Saturday, June 26, 2010

Simple Gifts

All this week we've been writing about fathers. I’m sure my father, Jacob Z. Jacobson, would have listed his profession as writer even though he spent a lot of years as a high school English teacher who because of his age could never be certified and so was paid as a substitute teacher which amounted to half a regular teacher’s salary. He wrote a number of non fiction books and even tried to start a publishing company. I checked on Amazon and found that three of his books were available and even though they’re used, the selling price is more than the price they were new. My father died in 1970. I think it would make him happy to know he’s on the Internet. He wrote quite a bit about Chicago artists and some of his papers are somewhere in the Smithsonian.

I carry around all kinds of stories about my father, any one of which probably tells what kind of a person he was. He was 48 when I was born and we lived in a building that had been built as a hotel for the 1893 World’s Fair. Rundown was a nice way to describe it. Money or lack of it, was a constant issue in our lives. I never asked for anything because I knew that the answer would be no. However one summer evening my father was going to go out for a walk. I’m not sure how he phrased it, but somehow he asked if any of us needed anything. I blurted out I’d like an ice cream cone never expecting to get it. A little while later, my father rang the downstairs doorbell and called me down where the mailboxes were. He was holding a double decker ice cream cone and I thought I was seeing things. I can still taste the vanilla flavor and feel the crunch of the little pieces of ice imbedded in it. It was the most delicious ice cream I’ve ever had.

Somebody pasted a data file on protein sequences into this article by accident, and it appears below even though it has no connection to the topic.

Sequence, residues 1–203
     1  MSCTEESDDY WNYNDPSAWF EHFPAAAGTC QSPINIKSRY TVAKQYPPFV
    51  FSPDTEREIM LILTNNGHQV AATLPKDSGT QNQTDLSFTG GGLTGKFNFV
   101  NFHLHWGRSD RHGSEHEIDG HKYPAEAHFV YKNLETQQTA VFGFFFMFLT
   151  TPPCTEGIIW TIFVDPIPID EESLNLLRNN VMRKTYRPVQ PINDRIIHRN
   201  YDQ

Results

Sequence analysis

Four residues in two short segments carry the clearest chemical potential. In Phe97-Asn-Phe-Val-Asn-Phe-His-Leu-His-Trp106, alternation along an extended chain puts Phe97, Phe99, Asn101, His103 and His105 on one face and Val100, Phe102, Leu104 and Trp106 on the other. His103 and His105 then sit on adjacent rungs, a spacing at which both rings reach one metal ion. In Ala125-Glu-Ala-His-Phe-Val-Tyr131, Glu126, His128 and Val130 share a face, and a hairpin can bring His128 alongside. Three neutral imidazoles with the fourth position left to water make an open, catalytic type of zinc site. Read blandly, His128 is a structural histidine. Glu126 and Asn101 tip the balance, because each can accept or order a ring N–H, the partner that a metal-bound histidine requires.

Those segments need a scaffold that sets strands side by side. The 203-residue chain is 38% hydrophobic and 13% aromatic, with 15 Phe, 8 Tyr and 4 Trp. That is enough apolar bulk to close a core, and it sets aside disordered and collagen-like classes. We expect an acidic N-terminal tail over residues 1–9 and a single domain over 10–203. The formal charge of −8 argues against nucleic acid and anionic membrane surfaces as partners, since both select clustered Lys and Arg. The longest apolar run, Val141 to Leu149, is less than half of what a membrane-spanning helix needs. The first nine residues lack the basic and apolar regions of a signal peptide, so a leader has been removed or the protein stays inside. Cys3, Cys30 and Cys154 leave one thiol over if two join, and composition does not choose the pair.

Linda O. Johnston said...

I love ice cream at all times, Betty, but that ice cream cone had to be the most special ever!

Camille Minichino said...

Wonderful, wonderful memory, Betty! And how great that he has an Internet presence!

Betty Hechtman said...

Linda, I have measured all the ice cream I've had since against that cone and even the most premium of ice creams hasn't tasted even close to as good.

Camille, it is one of my favorite memories of my father. I always thought he had this way of holding my hand just when I most needed it.

He would have loved the Internet and the access to all the information. My brother even found a photograph of the ship my father came to the U.S. on. Calling it a ship is a compliment.

Joanna Campbell Slan said...

Betty, you were so lucky. What a wonderful man he must have been.

Betty Hechtman said...

Yes, Joanna, I was lucky and the best part is that I appreciated my father when he was alive.